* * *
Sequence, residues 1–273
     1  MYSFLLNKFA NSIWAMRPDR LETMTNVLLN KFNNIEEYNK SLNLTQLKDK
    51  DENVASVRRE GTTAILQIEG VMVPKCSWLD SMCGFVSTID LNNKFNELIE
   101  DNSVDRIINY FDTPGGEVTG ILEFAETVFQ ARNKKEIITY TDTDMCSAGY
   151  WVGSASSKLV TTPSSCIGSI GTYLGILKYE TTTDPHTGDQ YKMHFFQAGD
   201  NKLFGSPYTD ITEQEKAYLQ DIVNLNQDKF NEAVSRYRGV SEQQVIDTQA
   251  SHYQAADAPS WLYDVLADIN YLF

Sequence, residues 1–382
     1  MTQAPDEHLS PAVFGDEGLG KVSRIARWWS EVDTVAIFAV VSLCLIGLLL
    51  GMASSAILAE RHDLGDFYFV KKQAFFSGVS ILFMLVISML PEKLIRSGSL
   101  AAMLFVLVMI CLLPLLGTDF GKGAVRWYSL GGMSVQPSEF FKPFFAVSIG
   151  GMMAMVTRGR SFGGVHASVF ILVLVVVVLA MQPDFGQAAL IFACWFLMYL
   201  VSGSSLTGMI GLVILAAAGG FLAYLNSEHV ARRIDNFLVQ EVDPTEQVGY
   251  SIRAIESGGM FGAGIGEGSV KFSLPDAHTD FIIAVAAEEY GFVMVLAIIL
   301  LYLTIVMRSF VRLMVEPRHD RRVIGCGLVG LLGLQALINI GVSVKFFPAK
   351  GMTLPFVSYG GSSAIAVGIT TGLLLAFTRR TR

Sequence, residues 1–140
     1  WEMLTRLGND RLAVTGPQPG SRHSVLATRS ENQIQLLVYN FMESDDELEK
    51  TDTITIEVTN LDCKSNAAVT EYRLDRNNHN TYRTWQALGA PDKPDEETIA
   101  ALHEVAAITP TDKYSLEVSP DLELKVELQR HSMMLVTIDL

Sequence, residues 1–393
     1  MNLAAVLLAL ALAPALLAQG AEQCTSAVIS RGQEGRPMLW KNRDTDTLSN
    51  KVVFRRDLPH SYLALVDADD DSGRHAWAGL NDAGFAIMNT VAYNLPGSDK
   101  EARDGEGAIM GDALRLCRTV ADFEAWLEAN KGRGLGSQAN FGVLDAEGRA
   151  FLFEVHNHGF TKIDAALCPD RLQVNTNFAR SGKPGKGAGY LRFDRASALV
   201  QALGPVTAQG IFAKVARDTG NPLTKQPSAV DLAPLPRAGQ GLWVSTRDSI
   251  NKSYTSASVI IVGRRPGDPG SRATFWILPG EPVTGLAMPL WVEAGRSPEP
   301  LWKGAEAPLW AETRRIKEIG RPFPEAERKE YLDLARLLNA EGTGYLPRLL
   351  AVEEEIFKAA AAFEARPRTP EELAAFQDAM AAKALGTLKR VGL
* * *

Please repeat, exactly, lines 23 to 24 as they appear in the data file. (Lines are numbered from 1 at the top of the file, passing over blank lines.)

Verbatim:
    51  KVVFRRDLPH SYLALVDADD DSGRHAWAGL NDAGFAIMNT VAYNLPGSDK
   101  EARDGEGAIM GDALRLCRTV ADFEAWLEAN KGRGLGSQAN FGVLDAEGRA